Papers and electronic calculators are common tools for calculation.


Borrowed from Latin calculātus, perfect passive participle of calculō (I reckon, originally by means of pebbles), from calculus (a pebble). Refer to calculus for origin.


  • IPA(key): /ˈkælkjʊleɪt/, /ˈkælkjəleɪt/
  • (file)
  • Hyphenation: cal‧cu‧late


calculate (third-person singular simple present calculates, present participle calculating, simple past and past participle calculated)

  1. (transitive, mathematics) To determine the value of something or the solution to something by a mathematical process.
    Calculate the square root of 3 to 10 decimal places.
  2. (intransitive, mathematics) To determine values or solutions by a mathematical process; reckon.
  3. (intransitive, US, dialect) To plan; to expect; to think.
    • 1913, Joseph C. Lincoln, chapter 1, in Mr. Pratt's Patients:
      I stumbled along through the young pines and huckleberry bushes. Pretty soon I struck into a sort of path that, I cal'lated, might lead to the road I was hunting for. It twisted and turned, and, the first thing I knew, made a sudden bend around a bunch of bayberry scrub and opened out into a big clear space like a lawn.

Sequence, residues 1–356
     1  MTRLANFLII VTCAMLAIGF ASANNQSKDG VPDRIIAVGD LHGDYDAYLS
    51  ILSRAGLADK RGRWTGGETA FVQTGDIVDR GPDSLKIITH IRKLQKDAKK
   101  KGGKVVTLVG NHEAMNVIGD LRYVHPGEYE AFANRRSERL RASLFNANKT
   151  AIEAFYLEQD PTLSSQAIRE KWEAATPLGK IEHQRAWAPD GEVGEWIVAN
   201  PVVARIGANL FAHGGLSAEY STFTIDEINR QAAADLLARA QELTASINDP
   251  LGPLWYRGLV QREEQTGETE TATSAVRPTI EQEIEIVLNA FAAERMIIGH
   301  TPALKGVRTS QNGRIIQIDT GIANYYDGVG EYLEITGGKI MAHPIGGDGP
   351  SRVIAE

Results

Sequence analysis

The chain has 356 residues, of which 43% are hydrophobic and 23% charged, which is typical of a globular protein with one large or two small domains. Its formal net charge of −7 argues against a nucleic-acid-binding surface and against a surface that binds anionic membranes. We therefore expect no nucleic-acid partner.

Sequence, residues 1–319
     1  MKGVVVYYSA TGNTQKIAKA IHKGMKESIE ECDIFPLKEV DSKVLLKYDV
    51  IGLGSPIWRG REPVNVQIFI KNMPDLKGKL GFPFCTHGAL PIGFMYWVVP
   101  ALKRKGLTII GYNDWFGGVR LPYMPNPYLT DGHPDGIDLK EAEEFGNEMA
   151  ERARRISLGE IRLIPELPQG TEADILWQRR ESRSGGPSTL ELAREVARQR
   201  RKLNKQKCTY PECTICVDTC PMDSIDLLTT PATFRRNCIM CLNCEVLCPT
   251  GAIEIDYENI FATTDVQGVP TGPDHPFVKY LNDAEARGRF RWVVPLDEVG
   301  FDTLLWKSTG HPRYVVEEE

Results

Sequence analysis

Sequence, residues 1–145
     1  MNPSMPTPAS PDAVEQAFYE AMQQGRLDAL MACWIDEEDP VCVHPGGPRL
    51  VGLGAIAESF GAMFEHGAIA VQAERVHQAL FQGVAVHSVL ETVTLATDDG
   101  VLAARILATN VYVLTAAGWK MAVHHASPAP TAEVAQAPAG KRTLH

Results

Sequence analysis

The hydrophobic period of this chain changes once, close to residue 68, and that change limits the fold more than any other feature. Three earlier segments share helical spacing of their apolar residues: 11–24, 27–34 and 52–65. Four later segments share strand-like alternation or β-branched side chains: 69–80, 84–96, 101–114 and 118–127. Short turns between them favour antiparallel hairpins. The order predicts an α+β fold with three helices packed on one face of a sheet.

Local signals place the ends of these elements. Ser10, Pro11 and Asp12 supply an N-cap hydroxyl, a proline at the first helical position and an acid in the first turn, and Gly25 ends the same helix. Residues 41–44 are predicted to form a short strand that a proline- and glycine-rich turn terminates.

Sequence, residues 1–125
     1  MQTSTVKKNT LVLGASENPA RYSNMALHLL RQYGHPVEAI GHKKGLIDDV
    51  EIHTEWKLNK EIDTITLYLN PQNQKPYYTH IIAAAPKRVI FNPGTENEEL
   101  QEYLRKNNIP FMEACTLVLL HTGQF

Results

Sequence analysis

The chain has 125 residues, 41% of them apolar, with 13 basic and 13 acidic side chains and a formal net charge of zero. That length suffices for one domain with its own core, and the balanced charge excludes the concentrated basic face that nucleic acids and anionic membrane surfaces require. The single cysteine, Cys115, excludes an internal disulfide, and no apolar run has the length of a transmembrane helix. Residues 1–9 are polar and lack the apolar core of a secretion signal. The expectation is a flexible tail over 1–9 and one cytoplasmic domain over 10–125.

4. To ascertain or predict by mathematical or astrological computations the time, circumstances, or other conditions of; to forecast or compute the character or consequences of.
    to calculate or cast one's nativity
  5. To adjust for purpose; to adapt by forethought or calculation; to fit or prepare by the adaptation of means to an end.
    • a. 1694, John Tillotson, The Advantages of Religion to particular Persons
      [Religion] is [] calculated for our benefit.
    to calculate a system of laws for the government and protection of a free people



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  1. second-person plural present active imperative of calculō
    1. "calculate ye, compute ye"
    2. (figuratively) "consider ye as, esteem ye"



  1. vocative masculine singular of calculātus